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Socrates and Properties

Powerful Essays
Socrates and Properties

By Characterizing himself –Socrates- as both ignorant and wise, he presents us with one of the most striking paradoxes. Like so many of the other philosophers, is provocative in that its apparent self-contradiction hides an important idea for us readers to discover. Though out this text Socrates ignorance results from his belief that he has no knowledge of moral idea, or moral properties, such as justice, virtue, piety, and beauty. He asserts that, if only he knew the relevant definitions, he would be a moral expert who could answer philosophical questions about moral properties- questions such as is a certain action just? Or is it truly good for a man to be virtuous? Socrates believes that only someone that is “truly wise” would know these essential definitions and be able to provide such expert answers. It is important to determine whether Socrates does, in fact, accept priority of definition principle and, if he does, whether he is committed to a false and problematic principle that subjects him to catastrophic results. A textual analysis will be a philosophic inquiry into Socrates’ conception of knowledge, considering what he believes knowledge to be, how the knowledge of definitions fits into his epistemology, and whether or not his conception of knowledge is philosophical compelling.
Socrates does not appear to hold a consistent epistemological view through out the book. The book is timely. It appears shortly following the death of Gregory Vlastos, who stimulated much of the philosophical interest in this area, and thus at a moment when the future of that interest might be in some doubt. But by offering consistently challenging and novel interpretations, and by arguing clearly and vigorously for their positions with reference both to the texts and to the work of other scholars, the authors guarantee a continuing debate on the topics. It is certainly one of the best introductions there is to Socratic thought, together with Vlastos' Socrates, Ironist and Moral Philosopher and posthumous companion volume Socratic Studies, Terence Irwin's Plato's Moral Theory, and (for a very different approach) Leo Strauss's long essay "The Problem of Socrates" in The Rebirth of Classical Political Rationalism.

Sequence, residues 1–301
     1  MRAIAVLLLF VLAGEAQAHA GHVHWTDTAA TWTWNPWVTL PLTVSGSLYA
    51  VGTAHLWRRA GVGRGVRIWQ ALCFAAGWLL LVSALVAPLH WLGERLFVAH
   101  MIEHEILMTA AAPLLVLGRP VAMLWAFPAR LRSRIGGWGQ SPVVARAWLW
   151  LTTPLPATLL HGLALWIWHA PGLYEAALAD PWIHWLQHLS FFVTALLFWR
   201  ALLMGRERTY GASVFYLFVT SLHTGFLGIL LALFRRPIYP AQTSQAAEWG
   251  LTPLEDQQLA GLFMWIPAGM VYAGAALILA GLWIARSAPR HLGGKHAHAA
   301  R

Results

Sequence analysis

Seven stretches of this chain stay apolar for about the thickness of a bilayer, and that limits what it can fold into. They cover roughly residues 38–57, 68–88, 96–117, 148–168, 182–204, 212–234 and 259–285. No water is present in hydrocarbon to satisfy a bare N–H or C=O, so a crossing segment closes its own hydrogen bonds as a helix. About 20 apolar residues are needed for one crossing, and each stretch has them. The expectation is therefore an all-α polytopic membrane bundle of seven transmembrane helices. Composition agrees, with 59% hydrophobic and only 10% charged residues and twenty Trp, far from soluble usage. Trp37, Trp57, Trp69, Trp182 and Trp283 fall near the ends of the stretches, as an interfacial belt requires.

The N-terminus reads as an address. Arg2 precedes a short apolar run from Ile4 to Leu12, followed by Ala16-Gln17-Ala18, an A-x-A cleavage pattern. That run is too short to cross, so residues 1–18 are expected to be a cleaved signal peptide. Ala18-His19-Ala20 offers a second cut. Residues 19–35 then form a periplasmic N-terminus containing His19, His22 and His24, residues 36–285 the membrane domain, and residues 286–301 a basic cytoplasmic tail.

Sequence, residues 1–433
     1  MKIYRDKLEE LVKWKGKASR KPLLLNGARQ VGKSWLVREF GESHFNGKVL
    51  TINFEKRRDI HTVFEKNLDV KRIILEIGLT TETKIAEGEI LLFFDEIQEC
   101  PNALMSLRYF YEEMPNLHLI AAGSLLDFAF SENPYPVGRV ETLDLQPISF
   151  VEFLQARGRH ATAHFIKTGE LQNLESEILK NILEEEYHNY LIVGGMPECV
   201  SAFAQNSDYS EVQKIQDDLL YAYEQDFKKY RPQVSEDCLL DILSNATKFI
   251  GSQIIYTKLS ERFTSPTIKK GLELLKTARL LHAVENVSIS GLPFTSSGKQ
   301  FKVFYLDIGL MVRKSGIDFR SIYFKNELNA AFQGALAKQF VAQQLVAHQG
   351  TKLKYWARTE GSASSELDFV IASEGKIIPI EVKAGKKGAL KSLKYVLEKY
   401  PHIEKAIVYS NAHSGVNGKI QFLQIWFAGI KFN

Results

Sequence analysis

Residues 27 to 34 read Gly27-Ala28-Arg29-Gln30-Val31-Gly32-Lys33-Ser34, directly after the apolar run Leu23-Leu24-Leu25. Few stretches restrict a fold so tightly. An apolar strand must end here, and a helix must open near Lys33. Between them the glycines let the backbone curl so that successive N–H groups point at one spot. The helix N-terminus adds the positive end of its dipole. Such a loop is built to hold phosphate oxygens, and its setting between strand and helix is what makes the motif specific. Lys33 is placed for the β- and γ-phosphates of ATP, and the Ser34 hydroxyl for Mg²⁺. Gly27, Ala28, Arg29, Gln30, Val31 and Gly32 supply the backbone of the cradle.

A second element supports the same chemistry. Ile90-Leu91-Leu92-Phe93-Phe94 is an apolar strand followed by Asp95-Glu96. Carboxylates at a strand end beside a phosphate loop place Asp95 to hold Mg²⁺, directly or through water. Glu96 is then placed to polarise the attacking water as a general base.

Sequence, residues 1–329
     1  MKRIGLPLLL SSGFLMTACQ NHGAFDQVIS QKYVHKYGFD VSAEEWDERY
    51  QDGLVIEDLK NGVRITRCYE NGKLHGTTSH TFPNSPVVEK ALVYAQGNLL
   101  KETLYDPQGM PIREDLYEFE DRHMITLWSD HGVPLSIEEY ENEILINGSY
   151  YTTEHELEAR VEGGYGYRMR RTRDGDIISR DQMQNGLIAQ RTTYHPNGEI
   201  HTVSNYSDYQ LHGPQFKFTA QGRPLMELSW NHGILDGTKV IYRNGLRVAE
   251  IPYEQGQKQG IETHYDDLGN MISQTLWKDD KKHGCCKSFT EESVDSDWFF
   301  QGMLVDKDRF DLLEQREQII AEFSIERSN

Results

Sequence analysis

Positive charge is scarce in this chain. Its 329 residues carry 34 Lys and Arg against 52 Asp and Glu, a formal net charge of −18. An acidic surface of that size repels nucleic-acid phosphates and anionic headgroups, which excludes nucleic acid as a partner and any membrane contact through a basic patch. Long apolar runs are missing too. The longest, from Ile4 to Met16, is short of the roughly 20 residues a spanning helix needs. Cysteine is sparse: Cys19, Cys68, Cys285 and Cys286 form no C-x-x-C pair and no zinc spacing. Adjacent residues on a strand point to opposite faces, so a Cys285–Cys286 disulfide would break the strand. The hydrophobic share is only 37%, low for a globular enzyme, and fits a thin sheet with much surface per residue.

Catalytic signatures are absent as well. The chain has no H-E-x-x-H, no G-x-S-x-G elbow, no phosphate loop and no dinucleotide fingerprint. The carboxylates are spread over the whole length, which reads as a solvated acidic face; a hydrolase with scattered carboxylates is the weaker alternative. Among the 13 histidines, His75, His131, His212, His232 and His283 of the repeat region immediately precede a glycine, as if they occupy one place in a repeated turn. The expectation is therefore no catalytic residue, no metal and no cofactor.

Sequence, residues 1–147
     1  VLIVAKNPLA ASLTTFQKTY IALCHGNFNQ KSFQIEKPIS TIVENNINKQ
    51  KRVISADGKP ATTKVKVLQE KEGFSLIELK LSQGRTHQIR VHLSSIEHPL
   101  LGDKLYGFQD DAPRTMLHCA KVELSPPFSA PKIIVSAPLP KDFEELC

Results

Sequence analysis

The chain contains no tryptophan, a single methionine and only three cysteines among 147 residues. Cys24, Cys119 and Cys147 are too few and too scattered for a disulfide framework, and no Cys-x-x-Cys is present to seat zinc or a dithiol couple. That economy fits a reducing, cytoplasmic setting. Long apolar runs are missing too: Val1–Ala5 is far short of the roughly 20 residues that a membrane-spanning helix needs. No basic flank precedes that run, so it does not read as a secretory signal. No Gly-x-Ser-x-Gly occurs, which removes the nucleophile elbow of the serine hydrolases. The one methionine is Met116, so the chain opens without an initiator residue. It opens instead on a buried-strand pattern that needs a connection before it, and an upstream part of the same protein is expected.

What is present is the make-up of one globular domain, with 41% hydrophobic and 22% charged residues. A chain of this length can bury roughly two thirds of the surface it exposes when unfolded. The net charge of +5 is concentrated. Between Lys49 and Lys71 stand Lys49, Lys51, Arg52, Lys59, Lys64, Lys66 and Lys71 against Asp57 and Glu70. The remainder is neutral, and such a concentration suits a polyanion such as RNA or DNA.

Some of the authors' more controversial positions are: Socrates does not really have a method at all, though his manner of e...

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...Socratic dialogue and showing up their ignorance. This led to the charge that Socrates corrupted the youth. This too was added to the impiety charge. Socrates says that the youth follow him "of their own accord". In any event, one concludes that the Delphic Oracle was a definite turning point in Socrates' life. Perhaps it changes Socrates' interest from the physical and astronomical studies with moral and political thought.
In conclusion, this paper examined three philosophical problems that some philosophers have credited to the priority of definition principle. By re-examining the text I found that there is a good reason to accept both of these distinctions. He talks of moral beliefs that he accepts but he refuses to consider those beliefs as knowledge. Socratic polices, ethics and method is examined and opinionated through out this paper. Also true and false issues are brought up, and explained in details. This paper is mostly fixated on Socrates way of knowledge and if the method is the correct way of learning and teaching. I would like to close with this small thought, people set the boundaries of right and wrong, and every society is different, as so is Socrates.